Just because you can deploy stuff fast doesn't mean it's a good idea. In fact it shifts the mindset to constant deployment and that's when quality tends to suffer and customers are disregarded.

  8. Rich 2

    Quality hip-techy speak

    "...our developer velocity..."

    On a serious point, really, WTF does that mean??? (*)

    (*) That's a rhetorical question - I couldn't give a monkeys really

    1. Ben Bonsall

      Re: Quality hip-techy speak

      It's a measure of how quickly they can release bugs into production.

      1. Someone Else Silver badge

        @ Ben Bonsall -- Re: Quality hip-techy speak





        Cheers, sir!

      2. ScottStevens1024

        Re: Quality hip-techy speak

        I created an account especially just to say that if i could like that comment 1000 times i would!

    2. Mike 137 Silver badge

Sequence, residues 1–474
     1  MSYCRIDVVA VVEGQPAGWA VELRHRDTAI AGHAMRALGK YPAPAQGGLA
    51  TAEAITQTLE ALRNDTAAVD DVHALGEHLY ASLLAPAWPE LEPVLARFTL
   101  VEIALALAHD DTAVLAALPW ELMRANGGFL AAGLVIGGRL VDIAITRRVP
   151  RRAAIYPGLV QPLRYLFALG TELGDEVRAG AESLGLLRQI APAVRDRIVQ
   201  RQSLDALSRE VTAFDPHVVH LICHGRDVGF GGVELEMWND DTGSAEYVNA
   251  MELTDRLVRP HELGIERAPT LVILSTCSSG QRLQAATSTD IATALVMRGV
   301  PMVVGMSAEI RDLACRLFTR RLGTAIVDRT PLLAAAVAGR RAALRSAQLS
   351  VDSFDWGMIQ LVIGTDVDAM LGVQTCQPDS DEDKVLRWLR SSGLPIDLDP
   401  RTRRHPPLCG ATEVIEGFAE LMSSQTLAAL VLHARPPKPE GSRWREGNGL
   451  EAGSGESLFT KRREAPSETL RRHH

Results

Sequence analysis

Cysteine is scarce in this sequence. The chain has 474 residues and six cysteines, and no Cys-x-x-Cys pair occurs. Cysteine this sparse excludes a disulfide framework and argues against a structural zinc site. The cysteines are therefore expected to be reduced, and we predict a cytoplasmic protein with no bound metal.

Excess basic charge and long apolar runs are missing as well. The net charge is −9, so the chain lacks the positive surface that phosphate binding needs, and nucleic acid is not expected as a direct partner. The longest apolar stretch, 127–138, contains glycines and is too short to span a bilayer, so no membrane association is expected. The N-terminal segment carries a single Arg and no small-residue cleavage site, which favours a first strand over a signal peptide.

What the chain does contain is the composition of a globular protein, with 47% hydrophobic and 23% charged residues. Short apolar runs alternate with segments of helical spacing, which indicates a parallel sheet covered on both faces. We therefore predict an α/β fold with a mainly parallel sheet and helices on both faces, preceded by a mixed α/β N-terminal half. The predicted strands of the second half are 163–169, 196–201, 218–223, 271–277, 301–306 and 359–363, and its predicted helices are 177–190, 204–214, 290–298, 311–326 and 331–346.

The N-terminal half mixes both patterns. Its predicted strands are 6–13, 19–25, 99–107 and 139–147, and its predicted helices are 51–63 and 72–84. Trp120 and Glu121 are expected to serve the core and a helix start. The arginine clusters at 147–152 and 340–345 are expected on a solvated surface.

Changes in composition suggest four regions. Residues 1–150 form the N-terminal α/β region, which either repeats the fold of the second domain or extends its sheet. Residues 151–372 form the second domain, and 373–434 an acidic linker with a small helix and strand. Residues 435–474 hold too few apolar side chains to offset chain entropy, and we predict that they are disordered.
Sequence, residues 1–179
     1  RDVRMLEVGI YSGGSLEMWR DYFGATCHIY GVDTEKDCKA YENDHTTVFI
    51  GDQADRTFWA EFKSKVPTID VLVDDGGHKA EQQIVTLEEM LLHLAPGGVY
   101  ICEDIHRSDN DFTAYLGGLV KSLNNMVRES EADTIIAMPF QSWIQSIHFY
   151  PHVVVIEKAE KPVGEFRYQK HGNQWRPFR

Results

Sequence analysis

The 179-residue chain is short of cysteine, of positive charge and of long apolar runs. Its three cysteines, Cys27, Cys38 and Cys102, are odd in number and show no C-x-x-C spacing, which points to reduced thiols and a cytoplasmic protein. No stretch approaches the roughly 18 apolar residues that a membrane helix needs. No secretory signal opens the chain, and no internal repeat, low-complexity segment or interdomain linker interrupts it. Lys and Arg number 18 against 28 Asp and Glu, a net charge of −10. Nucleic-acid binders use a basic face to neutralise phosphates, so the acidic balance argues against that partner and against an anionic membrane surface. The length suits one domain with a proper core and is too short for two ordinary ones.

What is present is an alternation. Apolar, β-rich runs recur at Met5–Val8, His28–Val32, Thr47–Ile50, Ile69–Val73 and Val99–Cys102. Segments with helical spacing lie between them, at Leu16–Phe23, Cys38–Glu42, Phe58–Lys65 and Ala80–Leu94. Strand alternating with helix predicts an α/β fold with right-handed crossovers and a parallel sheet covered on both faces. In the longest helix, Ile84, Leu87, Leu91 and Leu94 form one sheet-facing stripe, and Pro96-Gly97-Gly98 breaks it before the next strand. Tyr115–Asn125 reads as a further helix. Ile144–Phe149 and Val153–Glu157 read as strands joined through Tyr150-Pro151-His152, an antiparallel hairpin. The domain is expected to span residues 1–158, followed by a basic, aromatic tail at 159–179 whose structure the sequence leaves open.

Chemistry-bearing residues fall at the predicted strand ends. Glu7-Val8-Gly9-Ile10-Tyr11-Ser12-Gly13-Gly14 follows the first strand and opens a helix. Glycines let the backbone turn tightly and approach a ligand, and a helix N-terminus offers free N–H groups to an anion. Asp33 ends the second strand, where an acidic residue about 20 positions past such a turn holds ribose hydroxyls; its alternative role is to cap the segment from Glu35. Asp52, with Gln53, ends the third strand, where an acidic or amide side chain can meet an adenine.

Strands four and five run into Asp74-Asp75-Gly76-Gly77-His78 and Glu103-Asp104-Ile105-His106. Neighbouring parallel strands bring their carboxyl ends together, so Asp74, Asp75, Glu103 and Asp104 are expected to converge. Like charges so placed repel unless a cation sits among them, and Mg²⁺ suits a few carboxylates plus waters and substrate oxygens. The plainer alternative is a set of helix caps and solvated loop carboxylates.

"...our developer velocity..."

      Velocity has a vector as well as a speed. In my experience the current quality vector is consistently downward - primarily because getting it released takes precedence over whether it actually works. Witness numerous government IT projects and vast numbers of patches to fix patches to fix patches.

    3. peter-l

      Re: Quality hip-techy speak

      It's an estimation tool... some managers want to know when they will actually arrive in hell. Anyone for a ride in a handbasket?

  9. SJG

    Speed and Quality

    Many years ago my app maintenance team got a new lead. He made one change - releases switched from frequent and adhoc to once every 14 days. The number of production issues dropped quickly and dramatically.